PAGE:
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The Contribution of the Political Party System


Section I
 Since the last of the Whig party left office in 1852, the
American political system has been primarily a two party
system. The Democrats and the Republicans have been the two
parties fighting for the Presidency since that time. There
have been many other parties since that time, but mainly,
these two have gone unopposed against each other. However,
how much good do these parties actually do? Would our
country be run as effectively if the presence of political
parties was no longer a factor? It is the opinion of the
authors that the U.S. Government would exist without
political parties and may, in fact be stronger. The concept
of political parties seems to go against what it means to
be a politician: to represent his or her constituents. More
time, money and effort, it seems is put into getting
elected to an office than actually doing work for the
people in that office. One fairly recent example is seen in
the case of the proposed federal Balanced Budget Amendment.
Mark Hatfield, Republican Oregon Senator, went against his
parties wishes and voted against the amendment. His party
nearly abandoned him for choosing the people over his
party. Many senators are faced with the same decision every
day, but instead stick with party beliefs and not what they
feel would be the best for the people. In order for true
democracy to be achieved in our government, we feel drastic
changes need to occur.
Section II
Review Of The Literature
Since the mid 1850's, the Democrats and Republicans have
had control of the nation government. The only place where
opposition was felt was at the state and local levels.
However, in the early days of our country, third and fourth
party candidates played important roles in politics. A few
of these parties from our history are the:
Democrat-Republicans, Jefferson Republicans, Whigs and
Federalists. Many other lesser known or hardly known at all
parties were the: Socialists, Unionists, Farmer-Laborists,
Progressives, Communists, States' Rights, American
Independents, Libertarians, New Alliance, Populists,
Consumers, National Economic Recovery, Right to Life,
Workers league, Socialist Workers, Peace and Freedom,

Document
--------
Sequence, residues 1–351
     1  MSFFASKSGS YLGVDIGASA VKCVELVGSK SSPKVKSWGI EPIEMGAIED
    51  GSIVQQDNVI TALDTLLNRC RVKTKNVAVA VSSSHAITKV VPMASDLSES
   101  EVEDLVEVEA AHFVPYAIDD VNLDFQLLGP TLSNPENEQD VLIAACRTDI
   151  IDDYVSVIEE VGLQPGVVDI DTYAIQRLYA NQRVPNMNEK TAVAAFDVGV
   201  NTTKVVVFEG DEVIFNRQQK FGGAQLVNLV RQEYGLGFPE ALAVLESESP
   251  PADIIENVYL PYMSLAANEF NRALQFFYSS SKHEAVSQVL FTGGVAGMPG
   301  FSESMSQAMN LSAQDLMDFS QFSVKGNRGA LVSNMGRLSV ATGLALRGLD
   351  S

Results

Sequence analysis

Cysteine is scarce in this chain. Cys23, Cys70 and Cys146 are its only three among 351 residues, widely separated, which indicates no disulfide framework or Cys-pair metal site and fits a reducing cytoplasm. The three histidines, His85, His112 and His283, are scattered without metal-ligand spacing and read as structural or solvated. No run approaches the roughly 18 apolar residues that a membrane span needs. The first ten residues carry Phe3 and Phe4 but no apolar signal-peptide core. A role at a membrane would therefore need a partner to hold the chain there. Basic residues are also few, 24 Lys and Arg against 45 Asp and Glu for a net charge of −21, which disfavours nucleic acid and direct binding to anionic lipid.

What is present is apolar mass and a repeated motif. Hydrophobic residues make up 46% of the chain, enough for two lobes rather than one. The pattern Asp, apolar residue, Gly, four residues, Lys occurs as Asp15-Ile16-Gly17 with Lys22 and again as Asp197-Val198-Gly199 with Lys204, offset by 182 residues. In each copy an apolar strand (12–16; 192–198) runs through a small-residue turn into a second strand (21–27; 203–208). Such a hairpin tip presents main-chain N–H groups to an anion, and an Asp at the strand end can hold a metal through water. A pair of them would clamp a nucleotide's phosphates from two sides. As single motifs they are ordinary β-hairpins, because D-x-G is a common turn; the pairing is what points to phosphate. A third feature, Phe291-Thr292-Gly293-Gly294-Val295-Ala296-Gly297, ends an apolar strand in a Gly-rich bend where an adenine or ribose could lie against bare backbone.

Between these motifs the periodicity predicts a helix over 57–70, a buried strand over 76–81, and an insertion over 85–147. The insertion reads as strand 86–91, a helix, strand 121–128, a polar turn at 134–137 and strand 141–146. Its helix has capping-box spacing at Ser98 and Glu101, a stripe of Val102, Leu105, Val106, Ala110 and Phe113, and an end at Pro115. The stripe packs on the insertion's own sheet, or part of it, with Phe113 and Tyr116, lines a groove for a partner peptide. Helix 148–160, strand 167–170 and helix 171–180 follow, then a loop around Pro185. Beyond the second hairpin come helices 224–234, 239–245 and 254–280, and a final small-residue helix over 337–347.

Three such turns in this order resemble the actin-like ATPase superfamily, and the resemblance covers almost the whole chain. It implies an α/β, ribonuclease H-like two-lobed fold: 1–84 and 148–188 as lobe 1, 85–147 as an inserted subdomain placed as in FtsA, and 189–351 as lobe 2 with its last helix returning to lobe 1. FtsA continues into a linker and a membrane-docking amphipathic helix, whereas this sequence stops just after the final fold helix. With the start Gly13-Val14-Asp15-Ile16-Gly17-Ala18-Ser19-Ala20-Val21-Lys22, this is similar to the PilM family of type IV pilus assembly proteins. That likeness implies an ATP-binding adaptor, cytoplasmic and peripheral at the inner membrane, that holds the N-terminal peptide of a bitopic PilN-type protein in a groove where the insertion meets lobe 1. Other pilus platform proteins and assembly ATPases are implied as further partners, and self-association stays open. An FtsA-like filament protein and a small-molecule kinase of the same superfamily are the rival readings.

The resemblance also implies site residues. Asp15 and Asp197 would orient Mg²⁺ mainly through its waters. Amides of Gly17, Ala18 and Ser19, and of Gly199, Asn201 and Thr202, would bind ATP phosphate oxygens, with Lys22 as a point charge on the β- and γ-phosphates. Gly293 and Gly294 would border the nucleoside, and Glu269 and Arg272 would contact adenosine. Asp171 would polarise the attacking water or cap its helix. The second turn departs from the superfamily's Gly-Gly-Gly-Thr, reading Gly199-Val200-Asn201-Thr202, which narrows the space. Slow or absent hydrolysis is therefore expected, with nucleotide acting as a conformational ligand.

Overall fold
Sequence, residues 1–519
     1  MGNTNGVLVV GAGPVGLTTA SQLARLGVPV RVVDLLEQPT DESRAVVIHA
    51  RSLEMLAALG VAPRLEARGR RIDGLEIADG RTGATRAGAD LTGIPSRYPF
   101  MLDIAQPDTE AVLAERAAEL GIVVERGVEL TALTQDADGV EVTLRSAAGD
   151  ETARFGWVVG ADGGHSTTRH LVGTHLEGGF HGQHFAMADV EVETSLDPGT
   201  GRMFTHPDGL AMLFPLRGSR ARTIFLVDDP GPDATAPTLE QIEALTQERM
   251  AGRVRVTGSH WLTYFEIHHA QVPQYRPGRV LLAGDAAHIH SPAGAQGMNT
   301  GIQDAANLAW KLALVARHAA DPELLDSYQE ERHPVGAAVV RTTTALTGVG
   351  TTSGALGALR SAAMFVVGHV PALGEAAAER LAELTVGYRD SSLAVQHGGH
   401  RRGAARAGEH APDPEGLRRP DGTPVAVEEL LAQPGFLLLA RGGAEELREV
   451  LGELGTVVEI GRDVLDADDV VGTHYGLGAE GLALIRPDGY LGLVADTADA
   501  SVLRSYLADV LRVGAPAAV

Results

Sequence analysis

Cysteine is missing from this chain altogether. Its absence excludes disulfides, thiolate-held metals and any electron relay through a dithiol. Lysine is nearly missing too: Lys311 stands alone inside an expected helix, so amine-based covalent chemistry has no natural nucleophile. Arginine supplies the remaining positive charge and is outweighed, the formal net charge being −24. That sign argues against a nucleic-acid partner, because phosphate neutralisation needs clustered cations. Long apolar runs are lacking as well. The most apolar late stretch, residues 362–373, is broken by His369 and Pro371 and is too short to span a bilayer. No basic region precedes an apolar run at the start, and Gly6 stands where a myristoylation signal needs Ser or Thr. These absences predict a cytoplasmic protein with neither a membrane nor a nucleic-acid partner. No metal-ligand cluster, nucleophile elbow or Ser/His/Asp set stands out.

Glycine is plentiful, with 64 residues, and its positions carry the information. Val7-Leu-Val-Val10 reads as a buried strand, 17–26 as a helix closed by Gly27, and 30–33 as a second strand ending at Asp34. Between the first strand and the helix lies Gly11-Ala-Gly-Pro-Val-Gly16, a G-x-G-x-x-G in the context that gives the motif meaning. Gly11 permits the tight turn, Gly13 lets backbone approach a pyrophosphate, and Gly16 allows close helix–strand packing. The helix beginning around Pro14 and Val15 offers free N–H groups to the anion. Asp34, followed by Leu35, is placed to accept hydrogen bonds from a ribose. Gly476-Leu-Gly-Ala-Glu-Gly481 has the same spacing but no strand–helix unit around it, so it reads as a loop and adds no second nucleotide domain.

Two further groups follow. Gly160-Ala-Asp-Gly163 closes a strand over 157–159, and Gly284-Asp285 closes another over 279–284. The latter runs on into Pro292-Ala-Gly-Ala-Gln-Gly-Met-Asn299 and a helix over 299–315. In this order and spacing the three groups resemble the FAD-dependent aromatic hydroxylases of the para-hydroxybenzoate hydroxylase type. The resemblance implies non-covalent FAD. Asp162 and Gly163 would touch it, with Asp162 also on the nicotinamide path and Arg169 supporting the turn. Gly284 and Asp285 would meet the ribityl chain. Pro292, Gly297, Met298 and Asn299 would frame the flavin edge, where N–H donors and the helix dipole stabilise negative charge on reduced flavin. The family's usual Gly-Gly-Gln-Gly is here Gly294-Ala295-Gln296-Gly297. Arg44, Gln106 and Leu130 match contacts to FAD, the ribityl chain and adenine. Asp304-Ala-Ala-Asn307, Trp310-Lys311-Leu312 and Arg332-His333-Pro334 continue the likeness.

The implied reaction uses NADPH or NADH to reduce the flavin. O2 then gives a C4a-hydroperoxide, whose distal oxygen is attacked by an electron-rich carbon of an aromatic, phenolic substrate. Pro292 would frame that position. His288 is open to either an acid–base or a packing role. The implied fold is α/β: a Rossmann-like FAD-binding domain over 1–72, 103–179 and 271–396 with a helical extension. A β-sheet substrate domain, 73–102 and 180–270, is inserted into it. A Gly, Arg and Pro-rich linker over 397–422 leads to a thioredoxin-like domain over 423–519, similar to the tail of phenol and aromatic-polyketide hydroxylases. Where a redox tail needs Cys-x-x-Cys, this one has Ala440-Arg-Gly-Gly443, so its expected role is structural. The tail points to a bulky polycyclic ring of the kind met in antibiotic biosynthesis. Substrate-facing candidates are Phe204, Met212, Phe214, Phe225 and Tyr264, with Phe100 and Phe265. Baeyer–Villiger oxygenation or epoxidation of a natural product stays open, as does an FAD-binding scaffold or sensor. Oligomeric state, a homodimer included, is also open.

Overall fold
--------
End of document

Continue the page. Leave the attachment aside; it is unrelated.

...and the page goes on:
Prohibitionists, Workers World, American, Grassroots,
Independent and Third World Assembly. This immense list
goes to show that not all American history has been two
party. What we know today as Democrats and Republicans
derived from some of these parties to be what they are
today. The emergence of the parties has come mainly as a
reaction to history where most of the rulers have been
dictators or kings. The people do not favor dictatorship
and therefore created political parties to better represent
the feelings of the voters (Madron, 1974). This is not a
time of a dictatorship and we have achieved representative
democracy. We have evolved as a nation and have grown out
of the need for political parties. The 1992 Presidential
election was a definite sign that the usefulness of
political parties is crumbling. The Democrats came out on
top, followed by the Republicans, however, a third party
candidate, Ross Perot, emerged and ended the race with
nearly 10,000,000 popular votes. Perot made himself out to
be the only one who could clean up the mess in Washington,
and came through with an impressive finish (Wolfson, 1994).
From this example, it is obvious that the way we know
political parties, or perhaps political parties as a whole,
are being phased out by the people. The world in which we
live is constantly changing and getting faster and more
efficient at making news readily available to the people.
Back in the times before radio, tv, the internet and
e-mail, people had to find out somehow about politics. The
main source of their information came from political
parties to educate them as to who was running and what they
stood for and believed in (Carlin, 1992). Now, if someone